|Scientific Name:||Scoliodon laticaudus|
|Species Authority:||Müller & Henle, 1838|
|Red List Category & Criteria:||Near Threatened ver 3.1|
|Reviewer(s):||Musick, J.A. & Fowler, S.L. (Shark Red List Authority)|
This assessment is based on the information published in the 2005 shark status survey (Fowler et al. 2005).
The Spadenose Shark (Scoliodon laticaudus) is a small coastal shark which is abundant in the northern Indian Ocean and Southeast Asia. Despite being commonly caught in fisheries there are no data available on the status of the Spadenose Shark. It is likely that its life history will make it more resilient to fishing than larger, longer-lived, species of elasmobranchs. However, because of its limited fecundity concern exists that fishing will lead to recruitment overfishing.
|Previously published Red List assessments:||
|Range Description:||The Spadenose Shark is an abundant inshore species throughout southeast Asia and northeastern Africa. It occurs in the Indonesian archipelago as far as Java and Kalimantan. It is commonly recorded from the lower reaches of rivers in at least Malaysia, Sumatra and Borneo (Compagno 1984b).|
Native:Bangladesh; Brunei Darussalam; Cambodia; China; India; Indonesia; Japan; Macao; Malaysia; Myanmar; Oman; Pakistan; Philippines; Singapore; Somalia; Sri Lanka; Taiwan, Province of China; Thailand; Viet Nam
|FAO Marine Fishing Areas:||
Indian Ocean – western; Indian Ocean – eastern; Mediterranean and Black Sea; Pacific – western central
|Range Map:||Click here to open the map viewer and explore range.|
|Current Population Trend:||Unknown|
|Habitat and Ecology:||The Spadenose Shark is a small species, growing to a maximum length of approximately 74 cm. It feeds mostly on small benthic fish, cephalopods, crabs and stomatopods (Setna et al. 1948, Compagno 1984b, Wang et al. 1996).
This shark is placentally viviparous, with arguably the most advanced reproductive mode of the elasmobranchs. Eggs are ovulated at only 1 mm in diameter and the stalked placenta forms when the embryos are only a few millimetres in length (Wourms 1993). The young are born at a length of 12-15 cm. Males mature at 24-36 cm and females at 33-35 cm (Devadoss 1979, Compagno 1984b). Breeding occurs throughout the year (Devadoss 1979) and females probably mate at least once each year. Litter sizes range from 6-18, with a mean of 13 (Devadoss 1979). The young are born throughout the year, after a gestation period of five or six months (Compagno 1984b).
There are limited age and growth data available for the Spadenose Shark. Nair (1976) and Kasim (1991) used length frequency data to estimate age and growth parameters. Nair (1976) estimated that they mature at one or two years of age, and that males live approximately five years and females six years. Kasim (1991) gave more rapid estimates of growth, producing growth curves that estimate the size of maturity being reached in less than six months. The use of length frequency data to estimate growth parameters, however, may be erroneous for the Spadenose Shark since the young are born throughout the year, making age-class identification problematic. Further work on the age and growth of this species using vertebral ageing and/or tag-recapture would prove useful.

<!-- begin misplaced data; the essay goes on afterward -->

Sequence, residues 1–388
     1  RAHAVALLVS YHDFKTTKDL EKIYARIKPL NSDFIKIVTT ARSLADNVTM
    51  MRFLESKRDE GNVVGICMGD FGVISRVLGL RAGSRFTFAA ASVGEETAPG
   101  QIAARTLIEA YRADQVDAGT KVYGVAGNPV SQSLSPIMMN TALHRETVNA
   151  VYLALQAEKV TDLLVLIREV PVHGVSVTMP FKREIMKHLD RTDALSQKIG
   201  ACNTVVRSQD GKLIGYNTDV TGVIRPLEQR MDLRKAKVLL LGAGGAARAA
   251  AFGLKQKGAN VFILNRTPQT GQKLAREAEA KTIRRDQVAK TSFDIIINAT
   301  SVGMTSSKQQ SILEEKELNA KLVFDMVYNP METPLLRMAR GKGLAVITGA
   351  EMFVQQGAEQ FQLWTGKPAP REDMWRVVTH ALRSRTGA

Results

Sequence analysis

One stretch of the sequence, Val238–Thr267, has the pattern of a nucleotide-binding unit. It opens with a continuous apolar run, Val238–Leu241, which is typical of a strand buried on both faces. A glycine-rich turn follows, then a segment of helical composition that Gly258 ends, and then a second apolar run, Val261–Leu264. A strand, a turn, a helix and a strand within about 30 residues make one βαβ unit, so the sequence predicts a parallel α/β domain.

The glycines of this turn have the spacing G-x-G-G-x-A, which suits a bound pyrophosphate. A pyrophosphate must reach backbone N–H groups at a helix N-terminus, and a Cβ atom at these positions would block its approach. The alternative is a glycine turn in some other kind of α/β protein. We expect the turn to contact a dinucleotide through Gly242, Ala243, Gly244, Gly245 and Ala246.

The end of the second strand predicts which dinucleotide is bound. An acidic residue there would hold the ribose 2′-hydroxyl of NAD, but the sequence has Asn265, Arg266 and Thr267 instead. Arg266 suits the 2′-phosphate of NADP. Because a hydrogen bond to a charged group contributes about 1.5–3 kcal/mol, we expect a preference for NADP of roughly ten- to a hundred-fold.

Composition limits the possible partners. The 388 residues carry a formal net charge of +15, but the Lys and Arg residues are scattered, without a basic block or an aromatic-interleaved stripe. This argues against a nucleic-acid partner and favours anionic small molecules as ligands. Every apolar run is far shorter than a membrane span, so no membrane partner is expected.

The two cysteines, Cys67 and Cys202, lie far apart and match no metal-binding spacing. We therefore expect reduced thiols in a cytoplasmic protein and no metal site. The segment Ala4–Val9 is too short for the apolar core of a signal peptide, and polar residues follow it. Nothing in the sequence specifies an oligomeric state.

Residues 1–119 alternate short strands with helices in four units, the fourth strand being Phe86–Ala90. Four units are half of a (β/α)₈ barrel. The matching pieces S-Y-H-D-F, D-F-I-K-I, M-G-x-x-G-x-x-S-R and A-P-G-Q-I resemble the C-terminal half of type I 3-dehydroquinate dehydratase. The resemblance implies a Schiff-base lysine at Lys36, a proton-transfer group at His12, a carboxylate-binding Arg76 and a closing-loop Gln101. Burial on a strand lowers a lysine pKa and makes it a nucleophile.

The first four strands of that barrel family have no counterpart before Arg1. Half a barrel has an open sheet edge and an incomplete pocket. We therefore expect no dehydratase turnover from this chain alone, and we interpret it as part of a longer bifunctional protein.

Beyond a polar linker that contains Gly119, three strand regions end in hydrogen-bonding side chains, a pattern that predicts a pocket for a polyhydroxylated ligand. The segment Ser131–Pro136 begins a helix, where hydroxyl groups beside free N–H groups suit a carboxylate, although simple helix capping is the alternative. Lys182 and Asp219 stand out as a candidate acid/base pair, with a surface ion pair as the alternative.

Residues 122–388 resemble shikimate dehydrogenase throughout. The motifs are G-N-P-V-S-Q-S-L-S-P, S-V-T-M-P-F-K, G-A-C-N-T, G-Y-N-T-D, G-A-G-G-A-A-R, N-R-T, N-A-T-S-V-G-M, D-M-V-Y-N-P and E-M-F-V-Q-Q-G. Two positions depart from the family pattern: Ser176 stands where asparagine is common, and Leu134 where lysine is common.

Kasim (1991) used his growth data from length-frequency analysis to make estimates of natural mortality (M). Using the method of Pauly (1980) he estimated that M = 1.53 year-1 for females and M = 1.76 year-1 for males. He also estimated total mortality to be very high, in the range of 3.32 year-1 to 8.73 year-1. These estimates are very high and suggest that the methods or data used were inappropriate.
The abundance of this species in inshore waters makes it a major component of a variety of fisheries in Southeast Asia. For example, Kasim (1991) reported that the annual recorded catch of Spadenose Shark in the Verval coast, India from 1979-1981 averaged 823 t. This was taken mostly by trawl and gillnet fishing. Parry-Jones (1996) reported that the Spadenose Shark was the most commonly observed coastal species in Chinese market surveys. Unfortunately, there are no data available on the overall catch of this species, or the impact of fishing on stocks.
The occurrence of this species in estuarine and inshore areas may also make this species susceptible to the impacts of habitat degradation and modification. However, there are no data available on this subject.
|Conservation Actions:||There are no known conservation or management measures that apply specifically to this species.|
|Citation:||Simpfendorfer, C. 2009. Scoliodon laticaudus. The IUCN Red List of Threatened Species 2009: e.T39383A10188364. . Downloaded on 29 May 2016.|
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